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The following paper attempts to establish the presence of the emerging “creative class” and accompanying design movement across industries in the United States and their demonstrated potential for solving politically intractable problems.

First, I provide examples of the current shortcomings and failings within the American political machine, particularly highlighting the present ideologies and philosophical mindsets when conducting “business-as-usual”.

Second, I provide evidence of the emerging “creative economy” and design movement burgeoning in globally influential industries such as business and education. I describe the features, changes, and potential impact of these movements on society, in general.

Third, I connect our political problems with the potential answers provided by those in creative and design-oriented industries. I provide examples where this is already happening and professional research in support of my view.

Many of the sources I use to support my thesis come from a wide variety of sources, some outside traditional peer-reviewed journals. This is done strategically, in an effort to most accurately examine current and emerging cross-disciplinary thought on these issues, most of which has not yet been studied in academia.


“I believe that creativity will be the currency of the 21st century.”

–Gerald Gordon, Ph.D., President/CEO, Fairfax County (Virginia) Economic Development Authority

It is the purpose of this paper to spark a new vision for solving our political and economic problems as a nation through the innovation and creativity brought to bear by those of America’s “creative class”. Richard Florida, in his book The Rise of the Creative Class, declares that if a person is a “scientist or engineer, an architect or designer, a writer, artist or musician, or if you use your creativity as a key factor in your work in business, education, health care, law, or some other profession, you are a member.”[i] Throughout my research, I found that the rise of such a class has not only been corroborated by others in various industries, but it has been followed by the rise of a “creative economy” and design movement.

The myriad of seemingly-intractable problems in Washington have, in many ways, hit a wall of ideologies and philosophies, serving to hinder any possibly solution. We have seen this, time and again, in recent years with a deeply-divided Congress, desperate grabs for power, and discontent among the American people. Culminating in the failure of the “super-committee” and the growing strength of fringe movements like the Tea Party and Occupy Wall Street, much of what we are experiencing goes beyond differences of opinion: Washington’s current strategy for economic growth and positive societal change is clearly not working.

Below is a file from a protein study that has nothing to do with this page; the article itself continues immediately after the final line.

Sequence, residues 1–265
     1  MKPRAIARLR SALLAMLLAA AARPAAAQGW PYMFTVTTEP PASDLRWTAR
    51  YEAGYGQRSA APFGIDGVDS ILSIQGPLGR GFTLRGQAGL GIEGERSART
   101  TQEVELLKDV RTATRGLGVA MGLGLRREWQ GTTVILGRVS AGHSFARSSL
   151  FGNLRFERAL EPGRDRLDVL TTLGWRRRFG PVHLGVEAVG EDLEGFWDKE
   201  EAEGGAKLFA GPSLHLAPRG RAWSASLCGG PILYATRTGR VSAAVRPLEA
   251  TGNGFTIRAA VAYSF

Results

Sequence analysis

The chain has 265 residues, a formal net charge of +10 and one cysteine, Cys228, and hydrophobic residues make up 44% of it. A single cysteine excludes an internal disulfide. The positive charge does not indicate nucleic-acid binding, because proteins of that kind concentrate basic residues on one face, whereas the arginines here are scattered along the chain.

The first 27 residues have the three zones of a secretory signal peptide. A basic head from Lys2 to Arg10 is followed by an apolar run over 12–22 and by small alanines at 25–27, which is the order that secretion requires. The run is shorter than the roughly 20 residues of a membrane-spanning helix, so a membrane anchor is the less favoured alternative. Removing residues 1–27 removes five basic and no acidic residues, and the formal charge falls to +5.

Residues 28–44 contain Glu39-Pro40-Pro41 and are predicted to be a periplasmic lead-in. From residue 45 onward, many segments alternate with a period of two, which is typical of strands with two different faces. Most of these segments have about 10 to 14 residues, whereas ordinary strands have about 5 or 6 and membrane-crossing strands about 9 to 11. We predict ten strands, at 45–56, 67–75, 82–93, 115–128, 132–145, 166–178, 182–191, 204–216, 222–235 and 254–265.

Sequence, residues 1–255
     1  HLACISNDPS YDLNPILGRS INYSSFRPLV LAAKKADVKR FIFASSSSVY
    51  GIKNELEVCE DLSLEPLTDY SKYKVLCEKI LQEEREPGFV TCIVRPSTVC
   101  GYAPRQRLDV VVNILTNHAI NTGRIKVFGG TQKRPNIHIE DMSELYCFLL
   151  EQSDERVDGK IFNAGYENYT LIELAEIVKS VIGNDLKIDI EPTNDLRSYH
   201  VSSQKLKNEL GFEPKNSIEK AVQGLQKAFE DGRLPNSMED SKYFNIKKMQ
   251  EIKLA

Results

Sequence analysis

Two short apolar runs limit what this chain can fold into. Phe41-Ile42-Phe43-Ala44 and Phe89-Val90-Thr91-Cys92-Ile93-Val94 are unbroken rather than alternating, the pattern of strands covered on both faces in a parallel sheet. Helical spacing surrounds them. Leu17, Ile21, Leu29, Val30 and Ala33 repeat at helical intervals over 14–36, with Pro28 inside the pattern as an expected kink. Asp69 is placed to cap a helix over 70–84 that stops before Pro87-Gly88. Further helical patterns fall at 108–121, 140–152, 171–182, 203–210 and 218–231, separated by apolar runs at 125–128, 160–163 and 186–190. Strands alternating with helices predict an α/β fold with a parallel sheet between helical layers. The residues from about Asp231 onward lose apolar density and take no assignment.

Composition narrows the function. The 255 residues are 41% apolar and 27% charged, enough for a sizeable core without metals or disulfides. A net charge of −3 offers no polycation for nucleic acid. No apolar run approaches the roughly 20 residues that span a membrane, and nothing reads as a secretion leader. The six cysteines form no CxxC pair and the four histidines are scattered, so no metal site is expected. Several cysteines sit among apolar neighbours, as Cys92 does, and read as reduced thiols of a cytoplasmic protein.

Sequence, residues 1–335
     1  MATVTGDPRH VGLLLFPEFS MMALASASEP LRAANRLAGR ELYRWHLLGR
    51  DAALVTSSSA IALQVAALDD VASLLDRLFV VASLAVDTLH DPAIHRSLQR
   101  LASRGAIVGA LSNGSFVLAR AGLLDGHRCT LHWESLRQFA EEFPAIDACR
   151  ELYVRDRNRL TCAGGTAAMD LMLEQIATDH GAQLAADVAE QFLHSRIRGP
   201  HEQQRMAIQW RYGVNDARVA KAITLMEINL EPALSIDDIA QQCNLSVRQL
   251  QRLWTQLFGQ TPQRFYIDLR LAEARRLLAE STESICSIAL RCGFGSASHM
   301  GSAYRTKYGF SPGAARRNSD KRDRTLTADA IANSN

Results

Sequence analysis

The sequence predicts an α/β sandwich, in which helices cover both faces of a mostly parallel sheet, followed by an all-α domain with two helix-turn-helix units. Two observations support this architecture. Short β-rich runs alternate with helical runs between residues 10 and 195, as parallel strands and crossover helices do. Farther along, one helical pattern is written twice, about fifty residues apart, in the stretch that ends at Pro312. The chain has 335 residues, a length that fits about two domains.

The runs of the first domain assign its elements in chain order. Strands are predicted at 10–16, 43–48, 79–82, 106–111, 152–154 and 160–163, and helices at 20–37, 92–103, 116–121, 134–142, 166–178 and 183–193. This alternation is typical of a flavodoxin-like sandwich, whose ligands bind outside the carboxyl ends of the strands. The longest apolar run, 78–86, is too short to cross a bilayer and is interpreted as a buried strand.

Given the current state of affairs, it has become clear that a new paradigm is needed, a different approach demanded. The world has drastically changed in the past ten years, and it is essential for those in power to not only acknowledge this but to adjust to it. Other mega-industries see what lies on the horizon and are making necessary changes: it is time for Washington to follow suit. Florida attests that “the task before us is to build new forms of social cohesion appropriate to the new Creative Age—the old forms don’t work, because they no longer fit the people we’ve become.”[ii] Indeed, across the board, industries are burgeoning with young entrepreneurs and design-oriented start-ups in order to cope with economic pressures, and in many ways, indirectly solve what our leaders in Washington have been unable to.

The potential of this “creative class” to provide positive change goes beyond economic contributions. Their undeniable link to the arts and culture of our society provide a different paradigm in which to examine our political issues. Examples of this are given in the Ford Foundation study entitled “Animating Democracy”: “the potential of art to create indelible images, to express difficult ideas through metaphor, and to communicate beyond the limits of language makes it a powerful force for illuminating the civic experience.”[iii] Though largely underutilized in America, this is precisely the type of mindset being implemented in national governments across the globe from China to the United Kingdom. The ability of the arts and artists (across disciplines) to transcend medium and think “outside-the-box” may be just what Washington requires.


The Tea Party movement. The Occupy movement. The failed “super-committee”. The health care debacle. Surely, our friends and leaders in Washington are aware that their current problem-solving strategy is neither efficient nor effective. Unemployment has maintained its claim on over nine percent of Americans. The national deficit and debt continue to rear their ugly heads, as if sneering at the paltry attempts of Congressmen to solve an intractable dilemma. In many ways, these problems are not completely novel; our forefathers saw them—now it is our turn. However, the complexities and confluence of such issues serve to confound our generation, even the most highly educated and most powerful. This is reiterated in “Animating Democracy”: “the crosscutting nature of today’s complex issues often places them outside the traditional structures and settings…which have served in the past to organize civic discourse.”[iv] Not only do we not understand how to solve our problems, but we don’t even know how to talk about them. Additionally, in IBM’s Global CEO Study from 2010, they found that “today’s complexity is only expected to rise, and more than half of CEOs doubt their ability to manage it.”[v] Seemingly, those holding positions of power in our nation are at a loss as to how to make progress on the issues they face.